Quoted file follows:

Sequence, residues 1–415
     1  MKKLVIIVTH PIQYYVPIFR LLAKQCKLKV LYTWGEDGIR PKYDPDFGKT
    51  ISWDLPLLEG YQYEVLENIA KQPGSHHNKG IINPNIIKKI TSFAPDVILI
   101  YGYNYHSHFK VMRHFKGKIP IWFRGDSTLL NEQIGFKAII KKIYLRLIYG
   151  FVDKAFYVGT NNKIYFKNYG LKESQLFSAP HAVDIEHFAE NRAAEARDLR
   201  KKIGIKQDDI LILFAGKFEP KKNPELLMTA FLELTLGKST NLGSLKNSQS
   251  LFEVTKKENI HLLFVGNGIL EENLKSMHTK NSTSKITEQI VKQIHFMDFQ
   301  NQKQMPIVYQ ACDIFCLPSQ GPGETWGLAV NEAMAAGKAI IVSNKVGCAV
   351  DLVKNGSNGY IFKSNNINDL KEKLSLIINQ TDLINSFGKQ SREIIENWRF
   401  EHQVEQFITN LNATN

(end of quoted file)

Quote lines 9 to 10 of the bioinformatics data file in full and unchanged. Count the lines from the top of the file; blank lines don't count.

   351  DLVKNGSNGY IFKSNNINDL KEKLSLIINQ TDLINSFGKQ SREIIENWRF
   401  EHQVEQFITN LNATN